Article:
Known as a man with "encyclopedic knowledge", Théodore purchased a property at Beaulieu-sur-Mer with intentions to construct a villa modeled after the antique houses of Delos in Greece. The adventure in building the villa, which was named Kerylos (a Greek word, "Kerylos" means Halcyon or kingfisher which in Greek mythology was considered a bird of good omen), began in 1902 and cost 9 million franc.

Théodore (1860-1928), a Doctor of Law and Doctor of literature, was also a well-known and highly regarded Hellenist (amongst other things), and was author of the first French translation of The Athenian Republic by Aristotle. He also transcribed and annotated music found during excavations at Delphi. He was the only scholar in France capable of carrying out such tasks as his philosophical culture equaled his vast musical knowledge. As a child, he was considered to be a prodigy. Théodore and his two older brothers, Joseph (a historian, politician and secretary to Gambetta) and Salomon (director of the Le musée des antiquités nationales in Saint-Germain-en Laye) formed a brilliant trio. Their combined initials – J.S.T.- were said to stand for “Je Sais Tout” (“I know everything”).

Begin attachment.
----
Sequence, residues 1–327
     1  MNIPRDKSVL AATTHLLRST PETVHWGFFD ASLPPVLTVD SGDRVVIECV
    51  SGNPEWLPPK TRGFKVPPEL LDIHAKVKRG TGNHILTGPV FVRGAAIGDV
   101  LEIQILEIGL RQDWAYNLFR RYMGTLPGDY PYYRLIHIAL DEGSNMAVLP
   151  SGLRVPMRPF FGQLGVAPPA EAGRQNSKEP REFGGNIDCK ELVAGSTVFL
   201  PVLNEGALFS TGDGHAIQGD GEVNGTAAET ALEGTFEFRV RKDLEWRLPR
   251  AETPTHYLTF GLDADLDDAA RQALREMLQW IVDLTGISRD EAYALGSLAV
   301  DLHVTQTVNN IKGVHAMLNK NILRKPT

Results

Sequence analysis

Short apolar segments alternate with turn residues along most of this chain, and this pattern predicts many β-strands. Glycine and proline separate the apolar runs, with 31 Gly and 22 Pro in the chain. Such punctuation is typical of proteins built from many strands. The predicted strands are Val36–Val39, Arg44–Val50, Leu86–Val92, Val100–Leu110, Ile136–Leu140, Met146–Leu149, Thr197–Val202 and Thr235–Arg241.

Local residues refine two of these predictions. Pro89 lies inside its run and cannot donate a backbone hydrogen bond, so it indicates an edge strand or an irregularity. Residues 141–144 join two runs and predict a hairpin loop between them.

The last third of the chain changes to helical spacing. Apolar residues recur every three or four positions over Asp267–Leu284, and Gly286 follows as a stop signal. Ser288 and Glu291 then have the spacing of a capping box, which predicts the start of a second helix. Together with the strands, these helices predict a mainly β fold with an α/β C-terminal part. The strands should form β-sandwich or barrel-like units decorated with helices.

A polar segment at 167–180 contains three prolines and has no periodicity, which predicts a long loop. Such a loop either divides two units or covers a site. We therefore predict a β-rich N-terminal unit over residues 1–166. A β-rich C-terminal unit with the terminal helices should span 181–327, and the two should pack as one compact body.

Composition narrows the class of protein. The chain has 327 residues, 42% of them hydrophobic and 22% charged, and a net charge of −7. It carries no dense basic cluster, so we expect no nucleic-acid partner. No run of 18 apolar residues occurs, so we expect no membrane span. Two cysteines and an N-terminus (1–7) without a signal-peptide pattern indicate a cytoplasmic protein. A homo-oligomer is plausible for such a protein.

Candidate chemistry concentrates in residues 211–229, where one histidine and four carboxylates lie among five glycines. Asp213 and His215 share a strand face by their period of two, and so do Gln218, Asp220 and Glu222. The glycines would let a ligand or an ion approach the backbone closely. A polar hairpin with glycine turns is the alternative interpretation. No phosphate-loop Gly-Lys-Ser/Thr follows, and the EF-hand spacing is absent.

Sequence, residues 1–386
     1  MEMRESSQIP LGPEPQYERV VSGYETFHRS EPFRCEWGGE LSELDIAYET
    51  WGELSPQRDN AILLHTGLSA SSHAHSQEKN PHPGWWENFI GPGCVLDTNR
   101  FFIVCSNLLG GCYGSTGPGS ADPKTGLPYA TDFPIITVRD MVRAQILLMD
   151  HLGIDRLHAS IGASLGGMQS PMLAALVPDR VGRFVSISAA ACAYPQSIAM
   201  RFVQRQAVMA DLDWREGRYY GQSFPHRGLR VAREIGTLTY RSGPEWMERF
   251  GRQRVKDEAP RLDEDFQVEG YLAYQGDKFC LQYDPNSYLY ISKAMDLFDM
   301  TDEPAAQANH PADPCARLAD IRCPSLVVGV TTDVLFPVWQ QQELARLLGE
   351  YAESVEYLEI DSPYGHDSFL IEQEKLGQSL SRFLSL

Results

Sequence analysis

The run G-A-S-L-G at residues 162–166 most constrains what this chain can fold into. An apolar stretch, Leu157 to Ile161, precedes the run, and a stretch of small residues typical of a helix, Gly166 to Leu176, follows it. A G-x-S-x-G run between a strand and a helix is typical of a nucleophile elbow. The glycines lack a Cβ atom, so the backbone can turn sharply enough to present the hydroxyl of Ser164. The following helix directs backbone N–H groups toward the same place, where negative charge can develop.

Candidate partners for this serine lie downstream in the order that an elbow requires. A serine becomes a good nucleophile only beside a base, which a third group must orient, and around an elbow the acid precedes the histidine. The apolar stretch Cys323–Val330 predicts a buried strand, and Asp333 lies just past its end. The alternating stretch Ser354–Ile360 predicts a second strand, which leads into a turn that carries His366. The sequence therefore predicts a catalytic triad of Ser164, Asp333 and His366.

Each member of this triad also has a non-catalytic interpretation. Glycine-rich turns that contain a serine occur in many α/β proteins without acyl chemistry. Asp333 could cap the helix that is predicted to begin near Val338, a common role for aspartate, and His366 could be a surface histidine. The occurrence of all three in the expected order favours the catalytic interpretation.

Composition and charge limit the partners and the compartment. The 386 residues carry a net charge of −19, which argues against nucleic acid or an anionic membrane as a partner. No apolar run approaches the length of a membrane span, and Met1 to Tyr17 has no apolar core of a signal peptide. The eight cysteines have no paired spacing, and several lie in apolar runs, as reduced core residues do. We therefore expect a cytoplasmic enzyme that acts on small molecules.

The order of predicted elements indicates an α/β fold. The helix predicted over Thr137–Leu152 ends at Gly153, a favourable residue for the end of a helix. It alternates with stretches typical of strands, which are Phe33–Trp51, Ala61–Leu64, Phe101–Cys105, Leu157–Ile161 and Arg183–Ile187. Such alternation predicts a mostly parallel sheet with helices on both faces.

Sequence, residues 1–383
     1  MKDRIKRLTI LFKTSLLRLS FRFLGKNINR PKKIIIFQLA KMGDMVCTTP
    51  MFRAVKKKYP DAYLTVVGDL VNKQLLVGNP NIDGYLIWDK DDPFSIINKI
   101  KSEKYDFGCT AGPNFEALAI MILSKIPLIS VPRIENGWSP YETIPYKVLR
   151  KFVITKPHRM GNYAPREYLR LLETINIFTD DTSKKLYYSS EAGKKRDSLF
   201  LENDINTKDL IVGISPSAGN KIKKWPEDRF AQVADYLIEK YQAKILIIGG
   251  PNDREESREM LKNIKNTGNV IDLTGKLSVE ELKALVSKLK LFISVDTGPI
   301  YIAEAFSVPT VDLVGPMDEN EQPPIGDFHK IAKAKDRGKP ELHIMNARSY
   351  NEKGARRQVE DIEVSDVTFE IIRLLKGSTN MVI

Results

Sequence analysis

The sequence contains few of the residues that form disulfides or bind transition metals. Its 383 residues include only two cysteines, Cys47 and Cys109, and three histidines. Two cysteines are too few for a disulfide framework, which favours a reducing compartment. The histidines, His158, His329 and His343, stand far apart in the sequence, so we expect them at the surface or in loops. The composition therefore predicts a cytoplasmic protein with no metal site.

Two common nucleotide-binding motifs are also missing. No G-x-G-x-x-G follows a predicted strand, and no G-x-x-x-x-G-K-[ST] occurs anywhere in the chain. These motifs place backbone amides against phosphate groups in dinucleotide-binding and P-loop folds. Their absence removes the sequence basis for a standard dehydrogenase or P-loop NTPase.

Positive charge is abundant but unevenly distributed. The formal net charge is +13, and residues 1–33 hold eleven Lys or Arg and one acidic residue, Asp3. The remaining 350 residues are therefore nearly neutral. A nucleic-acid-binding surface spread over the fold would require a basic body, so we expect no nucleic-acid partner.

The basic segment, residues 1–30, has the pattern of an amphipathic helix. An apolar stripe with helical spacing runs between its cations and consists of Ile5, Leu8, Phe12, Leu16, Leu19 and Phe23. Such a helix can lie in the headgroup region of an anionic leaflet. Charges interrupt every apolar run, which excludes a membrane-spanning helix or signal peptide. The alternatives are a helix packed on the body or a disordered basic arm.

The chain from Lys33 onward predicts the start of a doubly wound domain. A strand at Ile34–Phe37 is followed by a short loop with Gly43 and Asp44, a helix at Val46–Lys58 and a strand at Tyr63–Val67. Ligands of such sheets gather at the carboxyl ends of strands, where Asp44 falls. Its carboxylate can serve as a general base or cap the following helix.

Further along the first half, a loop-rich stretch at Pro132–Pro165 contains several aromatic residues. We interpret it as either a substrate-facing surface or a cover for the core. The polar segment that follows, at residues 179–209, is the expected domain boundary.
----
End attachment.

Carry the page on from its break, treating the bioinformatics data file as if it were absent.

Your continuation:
The exquisite villa Théodore built was a reinvention of the Greek homes of antiquity however was used as an authentic home with astonishingly luxurious wall decoration and furnishings. The architecture was modeled after the nobles homes on the island of Delos in Greece. The details of the villa are truly extraordinary and the patterns of the painted wall frescoes and the mosaics, as well as the design of the furniture and motifs for the tapestries were inspired directly from antique documents. The scenes of the famous vases are recognizable on the walls illustrating the great legends of the gods and classical hero’s. The rarest of materials were used: antique stucco, various colors of veined marble-commissioned from the most prestigious interior and decorative artist of the time. The Kerylos Villa is surrounded by a garden that includes a harmonious selection of Greek plants. It's no wonder Théodore entertained the likes of Isadora Duncan and Sarah Bernhardt, the space itself was/is surely an attraction. My personal favorite of the two, I could spend the whole day examining every detail of the villa!